GreenCycle supports new developments and allows sites to add new jobs without creating additional pressure on parking spaces or local roads.

Washington DC Capitol bike share has saved its residents hundreds of millions of dollars in time savings by cutting congestion by 4%.

 

Economic Impact: Commercial & Retail Activity – Proven Case Studies

75% of Calgary merchants surveyed reported that the city's cycle tracks brought them a similar number of, or more customers daily.

 

A 2008 study undertaken by Australian urban planning researcher Alison Lee compared the economic contributions of cyclists to drivers in Melbourne’s shopping strips. Lee found that drivers spend more than cyclists per hour, an average of $27 compared to $16.20. However, since 6 bikes can fit into a single car parking stall, the potential payout for that space is $97.20 per hour if converted to bike parking. Lee argued that there would be an economic gain to converting more car parking to bike parking. 

 

A separate study undertaken at the University of Portland in 2012 found that, although cyclists do indeed spend less per trip, they make more frequent trips, resulting in a higher average monthly spending than people in cars.

 

Researchers at the City University of New York undertook a study in 2013, analyzing the specific economic impacts of converting curb space from on-street car parking to public bike share docks. The authors examined reported usage patterns of 7 bike share stations in different New York City neighborhoods, which held a total of 283 bikes, generated an average combined total of 587.3 trips per day, and replaced 41 automobile parking stalls. By comparing the usage frequency of bike share docks to car parking stalls, and the average spending patterns of each user, the researchers estimated that the conversion of 20 feet of curb space to a bike share facility has the potential to increase commercial spending from $219.65 per day to $334.06 per day, an increase of $114.41.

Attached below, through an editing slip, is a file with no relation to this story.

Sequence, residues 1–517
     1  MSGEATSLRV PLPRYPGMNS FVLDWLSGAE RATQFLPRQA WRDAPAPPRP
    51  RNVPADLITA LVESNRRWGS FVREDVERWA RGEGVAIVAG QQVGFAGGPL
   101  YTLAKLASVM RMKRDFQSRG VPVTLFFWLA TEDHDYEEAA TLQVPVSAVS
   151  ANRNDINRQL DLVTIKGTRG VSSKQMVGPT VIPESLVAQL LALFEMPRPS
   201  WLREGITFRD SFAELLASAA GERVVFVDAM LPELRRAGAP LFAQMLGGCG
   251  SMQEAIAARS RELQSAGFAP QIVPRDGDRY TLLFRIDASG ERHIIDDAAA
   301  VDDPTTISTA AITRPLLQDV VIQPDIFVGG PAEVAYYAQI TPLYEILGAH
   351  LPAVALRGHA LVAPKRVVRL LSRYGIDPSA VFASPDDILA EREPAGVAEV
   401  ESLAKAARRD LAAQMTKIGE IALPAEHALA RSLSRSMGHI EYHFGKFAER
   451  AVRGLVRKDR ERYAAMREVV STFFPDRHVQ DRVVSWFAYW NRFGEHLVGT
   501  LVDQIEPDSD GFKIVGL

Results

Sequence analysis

A recent study conducted by the European Cycling Federation concluded the following economic benefits among European cities with bike share systems:

  • 70% of businesses reported a positive impact on their neighborhood after launch;
  • 20% of businesses and 23% of users reported a direct impact of spending from bike share; cyclists spend more money in city centers than those traveling by car;
  • The study reported an extra spend of US$1.20/user/week in proximity to bike share stations;
  • Visiting cyclist spends on average £25/day locally compared to a car-borne visitor’s £7.30, as cyclists can’t always carry what they need with them and feel hungrier from exercising;
  • Bike share draws visitors to tourist attractions through a fun, flexible, fast and affordable travel mode. E.g. leisure cycling on Liverpool’s waterfront and Belfast Titanic quarter;
  • 16% reported spending in new locations due to the accessibility of a new bike share station;